Video gamers around the world are eagerly awaiting the arrival of what has been dubbed the hardest game ever released.
Based on the hugely popular Just Dance - which involves gamers having to follow fast-moving instructions to keep to a stylish rhythm - ‘Delta Skelter’ requires people trying to follow the Government of Jersey’s covid guidelines.
These instructions start slow and measured, luring gamers into a false sense that they have an adequate grasp of what they’re being asked to do, but they become faster and more frantic as officials start to panic and lose control.
These commands - or they could be fired as guidelines, strong recommendations, light recommendations, or ‘it would be awfully nice if you did what we say’ to increase the complexity - need to be followed but reviewers of the game have said that its final stages are near impossible to play.
Players have just seconds to respond to ever-changing rules and guidelines. For example, the ‘Le Fondré playlist’ includes a series of dynamic manoeuvres:
Mask on / mask off. Isolate till your second test / don’t isolate until after your first test. You’re a direct contact / you’re not a direct contact. Have a gathering / don’t have a gathering. Kids should be in school / kids should be at home. Can only travel to the UK with two jabs / can travel anywhere with no jabs. UK is red / UK is green. Scotland is green / England is amber. Ring the helpline / don’t ring the helpline. Have a gala rugby dinner / don’t have a private summer party. Hug your mate when England score / don’t order a beer at the bar. Jersey is open for tourists / all summer events are cancelled. Left leg in / left leg out…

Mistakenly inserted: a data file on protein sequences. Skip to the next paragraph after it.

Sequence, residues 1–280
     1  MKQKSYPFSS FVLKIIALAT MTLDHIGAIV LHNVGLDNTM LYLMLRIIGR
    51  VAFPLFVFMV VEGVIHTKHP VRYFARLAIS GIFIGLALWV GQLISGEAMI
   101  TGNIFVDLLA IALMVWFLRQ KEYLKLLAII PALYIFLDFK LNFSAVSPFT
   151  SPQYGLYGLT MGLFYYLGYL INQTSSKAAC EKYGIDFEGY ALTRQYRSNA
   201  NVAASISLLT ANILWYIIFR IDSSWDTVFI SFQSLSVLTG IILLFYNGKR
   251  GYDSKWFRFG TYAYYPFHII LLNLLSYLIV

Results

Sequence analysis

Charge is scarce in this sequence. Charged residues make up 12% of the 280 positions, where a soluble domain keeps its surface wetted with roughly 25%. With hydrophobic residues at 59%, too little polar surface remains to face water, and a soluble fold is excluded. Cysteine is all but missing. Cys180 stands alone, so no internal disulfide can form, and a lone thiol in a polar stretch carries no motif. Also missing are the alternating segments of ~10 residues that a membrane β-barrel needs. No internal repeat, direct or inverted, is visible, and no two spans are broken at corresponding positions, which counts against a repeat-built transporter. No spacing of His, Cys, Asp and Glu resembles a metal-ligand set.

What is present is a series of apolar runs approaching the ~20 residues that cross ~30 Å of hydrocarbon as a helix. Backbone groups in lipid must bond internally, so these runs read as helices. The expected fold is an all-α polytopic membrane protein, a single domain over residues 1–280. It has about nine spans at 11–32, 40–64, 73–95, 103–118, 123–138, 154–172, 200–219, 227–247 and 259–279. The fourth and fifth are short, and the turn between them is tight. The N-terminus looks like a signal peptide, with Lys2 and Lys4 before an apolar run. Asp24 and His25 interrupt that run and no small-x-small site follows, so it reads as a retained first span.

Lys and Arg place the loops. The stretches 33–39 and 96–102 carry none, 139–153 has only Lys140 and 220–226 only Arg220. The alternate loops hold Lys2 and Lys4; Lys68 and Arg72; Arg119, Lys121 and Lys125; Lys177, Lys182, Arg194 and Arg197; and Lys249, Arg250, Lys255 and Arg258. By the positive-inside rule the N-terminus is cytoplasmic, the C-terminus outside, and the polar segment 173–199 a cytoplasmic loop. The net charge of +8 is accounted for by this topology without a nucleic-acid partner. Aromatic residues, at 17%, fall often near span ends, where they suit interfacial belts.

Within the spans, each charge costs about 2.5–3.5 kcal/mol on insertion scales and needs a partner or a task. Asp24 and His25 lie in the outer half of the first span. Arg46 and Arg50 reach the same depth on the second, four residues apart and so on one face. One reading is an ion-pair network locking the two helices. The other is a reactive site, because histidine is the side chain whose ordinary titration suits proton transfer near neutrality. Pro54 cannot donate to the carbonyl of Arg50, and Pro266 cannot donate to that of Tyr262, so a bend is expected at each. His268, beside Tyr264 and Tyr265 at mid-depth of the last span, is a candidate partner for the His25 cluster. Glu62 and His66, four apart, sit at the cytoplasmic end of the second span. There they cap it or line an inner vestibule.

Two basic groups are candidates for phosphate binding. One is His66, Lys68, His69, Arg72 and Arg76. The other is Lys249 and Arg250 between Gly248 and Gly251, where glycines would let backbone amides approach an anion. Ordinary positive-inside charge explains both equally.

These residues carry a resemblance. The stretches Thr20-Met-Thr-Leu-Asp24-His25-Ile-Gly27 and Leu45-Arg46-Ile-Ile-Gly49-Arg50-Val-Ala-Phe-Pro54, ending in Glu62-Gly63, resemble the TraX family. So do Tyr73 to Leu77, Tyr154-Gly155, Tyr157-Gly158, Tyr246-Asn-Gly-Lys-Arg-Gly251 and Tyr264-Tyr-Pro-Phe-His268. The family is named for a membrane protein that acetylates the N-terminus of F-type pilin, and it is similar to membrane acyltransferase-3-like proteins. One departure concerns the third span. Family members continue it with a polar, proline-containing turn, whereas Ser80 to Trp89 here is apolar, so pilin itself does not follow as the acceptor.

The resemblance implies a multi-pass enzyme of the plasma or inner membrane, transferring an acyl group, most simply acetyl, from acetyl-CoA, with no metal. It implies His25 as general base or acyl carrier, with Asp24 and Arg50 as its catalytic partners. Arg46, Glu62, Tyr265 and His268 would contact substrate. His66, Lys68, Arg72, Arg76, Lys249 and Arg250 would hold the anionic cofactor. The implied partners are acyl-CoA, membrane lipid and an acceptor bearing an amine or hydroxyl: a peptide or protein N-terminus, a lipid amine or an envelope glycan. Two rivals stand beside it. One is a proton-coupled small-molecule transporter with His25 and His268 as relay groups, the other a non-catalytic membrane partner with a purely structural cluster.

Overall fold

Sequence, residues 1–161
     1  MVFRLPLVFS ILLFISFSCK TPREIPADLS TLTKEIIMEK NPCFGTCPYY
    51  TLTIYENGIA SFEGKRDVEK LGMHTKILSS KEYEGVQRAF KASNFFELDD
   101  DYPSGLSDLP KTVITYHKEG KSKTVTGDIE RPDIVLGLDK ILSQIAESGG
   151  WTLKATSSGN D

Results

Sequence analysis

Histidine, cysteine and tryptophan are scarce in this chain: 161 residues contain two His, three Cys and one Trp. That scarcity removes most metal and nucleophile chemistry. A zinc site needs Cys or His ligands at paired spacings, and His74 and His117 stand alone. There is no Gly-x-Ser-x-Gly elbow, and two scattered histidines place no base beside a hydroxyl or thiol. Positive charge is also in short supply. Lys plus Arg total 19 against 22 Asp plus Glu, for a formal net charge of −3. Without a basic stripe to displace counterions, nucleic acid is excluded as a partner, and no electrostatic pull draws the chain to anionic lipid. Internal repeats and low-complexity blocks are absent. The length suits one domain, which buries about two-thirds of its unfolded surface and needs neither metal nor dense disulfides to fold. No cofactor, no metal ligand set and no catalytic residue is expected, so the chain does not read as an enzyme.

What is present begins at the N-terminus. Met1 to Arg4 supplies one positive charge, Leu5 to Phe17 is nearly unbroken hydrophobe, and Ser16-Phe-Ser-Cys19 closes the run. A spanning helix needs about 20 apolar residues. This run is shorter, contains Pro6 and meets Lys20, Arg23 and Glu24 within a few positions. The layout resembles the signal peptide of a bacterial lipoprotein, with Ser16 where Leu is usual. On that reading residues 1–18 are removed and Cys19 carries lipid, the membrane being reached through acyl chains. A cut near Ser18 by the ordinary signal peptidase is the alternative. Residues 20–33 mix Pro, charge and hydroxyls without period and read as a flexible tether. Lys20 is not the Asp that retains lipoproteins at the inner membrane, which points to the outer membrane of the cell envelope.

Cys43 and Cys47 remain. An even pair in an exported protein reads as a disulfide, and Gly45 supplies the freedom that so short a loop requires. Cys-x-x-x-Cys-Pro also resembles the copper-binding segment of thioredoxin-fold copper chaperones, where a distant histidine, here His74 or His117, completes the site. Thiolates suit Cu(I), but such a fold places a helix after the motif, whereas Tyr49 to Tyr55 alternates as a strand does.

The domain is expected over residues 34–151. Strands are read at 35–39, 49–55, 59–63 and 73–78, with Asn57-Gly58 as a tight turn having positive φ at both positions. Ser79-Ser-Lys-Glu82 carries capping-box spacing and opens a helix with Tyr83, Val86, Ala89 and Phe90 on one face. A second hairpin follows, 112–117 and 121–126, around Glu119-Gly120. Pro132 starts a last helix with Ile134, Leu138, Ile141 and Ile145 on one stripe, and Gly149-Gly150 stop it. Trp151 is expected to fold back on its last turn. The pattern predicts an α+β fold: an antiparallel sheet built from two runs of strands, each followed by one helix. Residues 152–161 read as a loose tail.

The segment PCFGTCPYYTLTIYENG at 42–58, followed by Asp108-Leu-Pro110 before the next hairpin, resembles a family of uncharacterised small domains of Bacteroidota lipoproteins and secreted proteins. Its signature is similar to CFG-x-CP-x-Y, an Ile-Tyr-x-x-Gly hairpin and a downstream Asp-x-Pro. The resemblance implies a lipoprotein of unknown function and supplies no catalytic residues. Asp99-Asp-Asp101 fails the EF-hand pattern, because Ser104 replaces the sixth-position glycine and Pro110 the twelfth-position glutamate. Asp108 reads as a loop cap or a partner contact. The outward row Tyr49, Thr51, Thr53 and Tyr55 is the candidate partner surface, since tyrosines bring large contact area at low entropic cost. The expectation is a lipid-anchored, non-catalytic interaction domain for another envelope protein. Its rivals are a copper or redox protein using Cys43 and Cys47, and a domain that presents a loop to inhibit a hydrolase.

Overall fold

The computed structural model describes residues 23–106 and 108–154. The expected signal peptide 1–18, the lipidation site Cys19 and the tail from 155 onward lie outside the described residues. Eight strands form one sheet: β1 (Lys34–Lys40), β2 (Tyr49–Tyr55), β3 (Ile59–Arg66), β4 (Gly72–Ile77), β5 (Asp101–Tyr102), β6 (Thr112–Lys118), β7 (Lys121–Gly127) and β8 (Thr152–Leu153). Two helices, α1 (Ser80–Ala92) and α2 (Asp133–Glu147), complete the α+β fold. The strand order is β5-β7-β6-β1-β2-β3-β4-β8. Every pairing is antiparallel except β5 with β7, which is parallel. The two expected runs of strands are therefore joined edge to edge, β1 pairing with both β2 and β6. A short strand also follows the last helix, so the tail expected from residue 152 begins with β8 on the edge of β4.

The game includes a special kids’ version:
In school / out of school. Need to isolate / don’t need to isolate. Need a test / don’t need a test. Headmaster’s discretion / Minister’s order. Prom on / Prom off. Activities week on / activities week off. Mask on / mask off. Bubbles in / bubbles out. We want you in class / stay clear, you pox-ridden youths.
For an extra £150, gamers can buy a ‘Delta Skelter’ dance mat, with red, green and amber lights which rapidly turn and off as countries change status.
A spokesman for the team behind Delta Skelter said that the game was one for the whole family.
“Your journey will begin slowly with a sense of common purpose but everyone will soon be moving furiously in a state of utter confusion as new commands are bombarded at you every couple of seconds,” he said.
“But rest assured, if you are confused, you can always just carry on with the previous rules that you’ve become used to; that’s what we find most players end up doing.
“But if you can understand all the commands, let us know because we haven’t found anyone who can yet!”
Delta Skelter goes on sale at all shops today. Look out for adverts before and after each Government press conference.
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